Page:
Watch hundreds of New Yorkers coming together in support of immigrant children.

Writer and comedian Baratunde Thurston received a text at 10:55 p.m. Minutes later, he was out the door and on his way to New York's LaGuardia Airport.

"Calling our #HeretoStay Network! Youth & children separated from their families are arriving at LGA airport right now! Still being transported by American Airlines!! Meet us at terminal B arrivals right now!" read the text, sent from immigration advocacy organization United We Dream.

Thurston threw on a pair of pants, grabbed his external phone charger and passport, and caught a ride share to the airport. "Realized I left my Sharpies at home and my driver was like, 'I'm a mom. I always have crayons. Will that help?'" he recounts. "So I brought some crayons."


Organizations like United We Dream, Make the Road, Jewish Action, T'ruah, and the ACLU were joined by hundreds of supporters to take a stand against family separation.

Earlier in the day, President Donald Trump had responded to backlash over his administration's "zero tolerance" policy about undocumented immigrants caught crossing the border by issuing an executive order ostensibly designed to end the practice of separating families. With these now-unaccompanied children being flown into New York for a placement in facility, advocacy groups sprung into action.

For the next several hours, protesters held signs, greeted children, said chants, and sang songs.

"There are few things New Yorkers hate more than LaGuardia Airport," said Thurston the morning after the protests. "But one of those things is state-sanctioned child kidnapping. So it was beautiful to see hundreds of my fellow New Yorkers show up for immigrants and human rights last night."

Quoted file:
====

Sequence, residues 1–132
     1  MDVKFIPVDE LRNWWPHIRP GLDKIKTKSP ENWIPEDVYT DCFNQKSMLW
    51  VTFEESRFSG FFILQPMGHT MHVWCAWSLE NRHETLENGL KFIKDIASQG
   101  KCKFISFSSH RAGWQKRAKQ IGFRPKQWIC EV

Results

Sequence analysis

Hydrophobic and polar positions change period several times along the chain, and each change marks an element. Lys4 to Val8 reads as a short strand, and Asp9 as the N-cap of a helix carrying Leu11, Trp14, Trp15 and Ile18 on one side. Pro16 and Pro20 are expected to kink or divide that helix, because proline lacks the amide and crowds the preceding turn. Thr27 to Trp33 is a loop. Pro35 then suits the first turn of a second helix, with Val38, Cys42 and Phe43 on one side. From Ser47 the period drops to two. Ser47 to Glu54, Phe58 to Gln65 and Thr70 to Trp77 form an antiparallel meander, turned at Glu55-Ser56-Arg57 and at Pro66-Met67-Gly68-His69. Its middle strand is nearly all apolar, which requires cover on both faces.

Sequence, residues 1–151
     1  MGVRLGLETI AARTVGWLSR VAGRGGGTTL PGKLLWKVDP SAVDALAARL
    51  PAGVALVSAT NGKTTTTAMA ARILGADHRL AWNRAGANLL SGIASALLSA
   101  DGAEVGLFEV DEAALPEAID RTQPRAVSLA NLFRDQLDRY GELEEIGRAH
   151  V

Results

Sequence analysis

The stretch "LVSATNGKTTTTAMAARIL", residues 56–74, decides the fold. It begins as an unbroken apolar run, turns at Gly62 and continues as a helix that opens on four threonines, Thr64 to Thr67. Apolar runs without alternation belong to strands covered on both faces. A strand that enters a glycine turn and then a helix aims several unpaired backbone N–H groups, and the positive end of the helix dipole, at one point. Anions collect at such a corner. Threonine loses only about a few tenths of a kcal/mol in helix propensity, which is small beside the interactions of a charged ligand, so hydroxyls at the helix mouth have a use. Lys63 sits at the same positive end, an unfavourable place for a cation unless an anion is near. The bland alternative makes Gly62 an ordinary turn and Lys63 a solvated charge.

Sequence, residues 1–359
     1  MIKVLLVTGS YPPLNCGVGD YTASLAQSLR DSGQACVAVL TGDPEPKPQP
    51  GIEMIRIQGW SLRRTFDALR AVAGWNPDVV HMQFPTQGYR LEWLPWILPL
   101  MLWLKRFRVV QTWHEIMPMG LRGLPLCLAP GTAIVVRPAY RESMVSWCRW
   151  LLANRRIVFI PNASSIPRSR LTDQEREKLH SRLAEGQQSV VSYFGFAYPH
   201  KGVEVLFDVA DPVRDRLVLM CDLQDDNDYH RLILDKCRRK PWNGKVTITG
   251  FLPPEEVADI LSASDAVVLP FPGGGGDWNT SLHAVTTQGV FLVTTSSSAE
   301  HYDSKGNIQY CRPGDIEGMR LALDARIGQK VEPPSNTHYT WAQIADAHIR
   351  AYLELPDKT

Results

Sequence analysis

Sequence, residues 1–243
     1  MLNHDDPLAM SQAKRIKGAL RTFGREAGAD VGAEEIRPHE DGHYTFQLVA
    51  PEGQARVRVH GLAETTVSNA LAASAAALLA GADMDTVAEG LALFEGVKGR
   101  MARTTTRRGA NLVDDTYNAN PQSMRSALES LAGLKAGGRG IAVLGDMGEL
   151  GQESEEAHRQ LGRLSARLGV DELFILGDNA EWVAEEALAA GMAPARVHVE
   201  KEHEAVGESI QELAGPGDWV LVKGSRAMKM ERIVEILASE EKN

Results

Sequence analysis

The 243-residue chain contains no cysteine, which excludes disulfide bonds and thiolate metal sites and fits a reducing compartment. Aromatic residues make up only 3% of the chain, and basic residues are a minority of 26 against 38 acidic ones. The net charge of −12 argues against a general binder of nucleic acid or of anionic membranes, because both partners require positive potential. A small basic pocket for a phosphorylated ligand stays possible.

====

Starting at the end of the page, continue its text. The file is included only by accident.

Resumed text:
On Twitter, he urged his more than 238,000 followers to "keep the direct actions coming."

Even if the practice of separating families comes to an end, Trump's executive order might not improve immigration policy.

Some even argue that it'll make things worse. His order ditches the idea of children and parents being held in separate detention facilities in favor of families being housed together in the same place. If child separation was inhumane, family internment isn't a vast improvement.

Our immigration system is broken, and as much as some supporters of Trump's policies might say the answer is simply for people to come to the U.S. through legal means (it should be noted that crossing the border in order to seek asylum is legal), it's harder than ever for people to do.